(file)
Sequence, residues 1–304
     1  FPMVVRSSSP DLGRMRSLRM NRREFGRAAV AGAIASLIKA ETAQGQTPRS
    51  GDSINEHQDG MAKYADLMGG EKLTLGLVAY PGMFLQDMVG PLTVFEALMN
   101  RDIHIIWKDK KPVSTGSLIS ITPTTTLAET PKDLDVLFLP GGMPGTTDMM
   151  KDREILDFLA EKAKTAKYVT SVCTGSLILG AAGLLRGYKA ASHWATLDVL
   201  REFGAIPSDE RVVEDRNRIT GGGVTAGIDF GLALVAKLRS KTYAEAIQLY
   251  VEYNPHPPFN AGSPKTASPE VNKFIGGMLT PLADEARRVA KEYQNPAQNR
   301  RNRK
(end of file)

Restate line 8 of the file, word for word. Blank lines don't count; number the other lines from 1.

   301  RNRK